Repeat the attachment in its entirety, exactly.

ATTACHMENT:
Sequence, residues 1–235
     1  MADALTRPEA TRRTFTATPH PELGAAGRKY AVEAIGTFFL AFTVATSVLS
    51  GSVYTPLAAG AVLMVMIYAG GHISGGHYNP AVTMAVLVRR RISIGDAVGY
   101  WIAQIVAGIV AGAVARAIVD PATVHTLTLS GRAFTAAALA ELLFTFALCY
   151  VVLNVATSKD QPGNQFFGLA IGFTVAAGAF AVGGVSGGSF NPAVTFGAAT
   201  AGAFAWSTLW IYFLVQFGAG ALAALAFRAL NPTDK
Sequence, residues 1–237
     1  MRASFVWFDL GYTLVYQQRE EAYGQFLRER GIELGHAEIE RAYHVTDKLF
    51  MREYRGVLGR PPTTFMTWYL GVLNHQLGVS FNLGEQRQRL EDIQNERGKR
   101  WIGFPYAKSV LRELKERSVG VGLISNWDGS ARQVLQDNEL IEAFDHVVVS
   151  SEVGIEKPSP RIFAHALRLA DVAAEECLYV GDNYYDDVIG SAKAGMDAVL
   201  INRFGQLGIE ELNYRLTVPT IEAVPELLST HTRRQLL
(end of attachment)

Sequence, residues 1–235
     1  MADALTRPEA TRRTFTATPH PELGAAGRKY AVEAIGTFFL AFTVATSVLS
    51  GSVYTPLAAG AVLMVMIYAG GHISGGHYNP AVTMAVLVRR RISIGDAVGY
   101  WIAQIVAGIV AGAVARAIVD PATVHTLTLS GRAFTAAALA ELLFTFALCY
   151  VVLNVATSKD QPGNQFFGLA IGFTVAAGAF AVGGVSGGSF NPAVTFGAAT
   201  AGAFAWSTLW IYFLVQFGAG ALAALAFRAL NPTDK
Sequence, residues 1–237
     1  MRASFVWFDL GYTLVYQQRE EAYGQFLRER GIELGHAEIE RAYHVTDKLF
    51  MREYRGVLGR PPTTFMTWYL GVLNHQLGVS FNLGEQRQRL EDIQNERGKR
   101  WIGFPYAKSV LRELKERSVG VGLISNWDGS ARQVLQDNEL IEAFDHVVVS
   151  SEVGIEKPSP RIFAHALRLA DVAAEECLYV GDNYYDDVIG SAKAGMDAVL
   201  INRFGQLGIE ELNYRLTVPT IEAVPELLST HTRRQLL